While today’s forecast shows 100% chance of rain for most of the island today, in Taipei at least the rain is not heavy today.

Typhoon petering out

This time we got off relatively easily. Our neighborhood didn’t get flooded, and the storm had mostly petered out by noon. It was calm enough that I went out to get snacks in the afternoon and there was just a bit of a drizzle. There was a lot of leaves and small branches and assorted garbage littering the street, and there were some motor scooters and bikes that got knocked over, but nothing seriously wrong in our immediate vicinity. The eye of the storm is just leaving the east coast, so while we may get some heavy rain yet from the tail of the storm passing through, but we’re probably over the worst of it.

Other parts of Taiwan are not so lucky. There was lots of flooding, rivers overrunning their banks, bridges washed out, signs knocked over, cars bashed in, etc. Fortunately there is nobody reported dead though, so that’s good news. Three things from TV stuck out about the storm:

When we go to Hualien on the east coast, we stay at the Parkview Hotel there. It’s close to the airport and fairly nice and modern. One of the nice features was the ground floor restaurant where we ate breakfast each morning. It was off the lobby in a large 3 story high atrium with huge glass windows surrounding the dining/buffet area. This is kind of a small picture, but it’ll give you an idea of what it looked like:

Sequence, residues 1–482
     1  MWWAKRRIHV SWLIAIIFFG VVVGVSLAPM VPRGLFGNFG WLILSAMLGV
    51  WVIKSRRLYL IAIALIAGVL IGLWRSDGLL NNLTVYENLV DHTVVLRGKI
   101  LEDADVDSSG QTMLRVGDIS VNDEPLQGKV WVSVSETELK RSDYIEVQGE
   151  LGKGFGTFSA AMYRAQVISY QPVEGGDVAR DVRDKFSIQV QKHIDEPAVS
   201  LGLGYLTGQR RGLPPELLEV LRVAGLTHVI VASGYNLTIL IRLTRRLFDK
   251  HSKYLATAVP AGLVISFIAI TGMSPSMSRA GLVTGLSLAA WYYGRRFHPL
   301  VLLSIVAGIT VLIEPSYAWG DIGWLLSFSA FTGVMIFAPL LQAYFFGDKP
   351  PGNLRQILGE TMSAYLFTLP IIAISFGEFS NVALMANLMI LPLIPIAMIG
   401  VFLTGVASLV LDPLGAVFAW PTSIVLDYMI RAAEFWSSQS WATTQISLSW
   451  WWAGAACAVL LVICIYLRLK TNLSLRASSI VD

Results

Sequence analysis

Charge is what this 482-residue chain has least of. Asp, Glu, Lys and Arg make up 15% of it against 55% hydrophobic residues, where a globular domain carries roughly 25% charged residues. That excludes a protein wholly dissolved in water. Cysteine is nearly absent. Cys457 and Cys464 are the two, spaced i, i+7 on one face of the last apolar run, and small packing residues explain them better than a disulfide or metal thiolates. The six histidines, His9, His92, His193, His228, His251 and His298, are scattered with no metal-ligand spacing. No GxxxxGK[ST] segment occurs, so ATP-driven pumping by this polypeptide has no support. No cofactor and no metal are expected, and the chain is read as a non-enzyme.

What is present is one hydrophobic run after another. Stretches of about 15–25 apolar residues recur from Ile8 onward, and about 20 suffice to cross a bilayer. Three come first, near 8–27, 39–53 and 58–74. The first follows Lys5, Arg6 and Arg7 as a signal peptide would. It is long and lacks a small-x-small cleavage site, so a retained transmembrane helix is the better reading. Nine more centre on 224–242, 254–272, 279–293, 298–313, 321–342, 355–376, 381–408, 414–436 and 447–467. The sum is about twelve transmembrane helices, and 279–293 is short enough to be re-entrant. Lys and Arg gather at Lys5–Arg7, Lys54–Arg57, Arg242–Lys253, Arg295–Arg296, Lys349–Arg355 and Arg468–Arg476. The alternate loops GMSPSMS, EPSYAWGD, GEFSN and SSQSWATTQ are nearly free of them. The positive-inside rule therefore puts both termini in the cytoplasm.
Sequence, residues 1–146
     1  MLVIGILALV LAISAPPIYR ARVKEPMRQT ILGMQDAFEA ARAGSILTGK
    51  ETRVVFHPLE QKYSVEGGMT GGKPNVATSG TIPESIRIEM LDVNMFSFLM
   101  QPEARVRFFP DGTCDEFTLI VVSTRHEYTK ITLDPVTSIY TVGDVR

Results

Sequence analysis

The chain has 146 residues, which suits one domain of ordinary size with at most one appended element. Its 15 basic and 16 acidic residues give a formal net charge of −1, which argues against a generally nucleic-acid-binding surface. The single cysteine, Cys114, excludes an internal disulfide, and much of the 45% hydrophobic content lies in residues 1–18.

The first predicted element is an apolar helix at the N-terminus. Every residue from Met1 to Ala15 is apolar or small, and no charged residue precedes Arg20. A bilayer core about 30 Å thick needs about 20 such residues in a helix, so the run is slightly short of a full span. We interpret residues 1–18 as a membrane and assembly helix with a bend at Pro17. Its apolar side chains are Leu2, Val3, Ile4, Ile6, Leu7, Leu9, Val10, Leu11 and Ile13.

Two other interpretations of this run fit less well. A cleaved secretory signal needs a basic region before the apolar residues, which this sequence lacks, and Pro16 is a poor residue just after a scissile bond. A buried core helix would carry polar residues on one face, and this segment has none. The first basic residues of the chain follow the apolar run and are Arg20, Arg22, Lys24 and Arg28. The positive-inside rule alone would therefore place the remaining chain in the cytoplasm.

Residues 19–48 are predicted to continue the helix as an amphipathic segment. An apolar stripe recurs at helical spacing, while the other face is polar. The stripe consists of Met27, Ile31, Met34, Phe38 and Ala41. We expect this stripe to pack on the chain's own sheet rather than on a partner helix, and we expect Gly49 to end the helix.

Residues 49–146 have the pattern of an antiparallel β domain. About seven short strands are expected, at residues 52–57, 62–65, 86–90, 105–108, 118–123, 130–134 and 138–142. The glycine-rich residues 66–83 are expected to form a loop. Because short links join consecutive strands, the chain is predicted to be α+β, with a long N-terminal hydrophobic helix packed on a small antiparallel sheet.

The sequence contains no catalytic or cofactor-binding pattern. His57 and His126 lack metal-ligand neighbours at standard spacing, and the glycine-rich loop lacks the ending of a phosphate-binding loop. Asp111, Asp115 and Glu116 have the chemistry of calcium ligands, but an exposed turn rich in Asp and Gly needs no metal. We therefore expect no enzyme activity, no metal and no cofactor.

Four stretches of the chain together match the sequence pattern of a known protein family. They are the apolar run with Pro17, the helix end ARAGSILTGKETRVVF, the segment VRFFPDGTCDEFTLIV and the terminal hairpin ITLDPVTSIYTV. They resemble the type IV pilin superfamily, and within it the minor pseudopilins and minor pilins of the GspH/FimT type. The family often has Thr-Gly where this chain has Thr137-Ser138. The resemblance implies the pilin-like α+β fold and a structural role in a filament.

I use the past tense because the typhoon blew out all the windows in the atrium and completely destroyed the dining/buffet area. Hualien is more or less at the center of where the Typhoon made landfall.

A temporary construction trailer next to a parking lot was ripped from it’s foundation and hurtled 50 meters through the air to the other side of the parking lot, badly damaging three cars and crushing two others.

And on the lighter side, there was a hilarious video of some farmers rescuing some bulls from flooding. They used a rope to pull the first bull up out of the water and as soon as he gets out he runs straight at the camera, just missing the camera operator, and as the camera swings around the bull is running into the street which is covered by quite a bit of water and then fwoop, he loses his footing and lands on his ass.

In somewhat related news, burglars took advantage of the typhoon to rip off a Gucci store on here in Taipei, taking off with a large stash of high end purses, shoes, etc.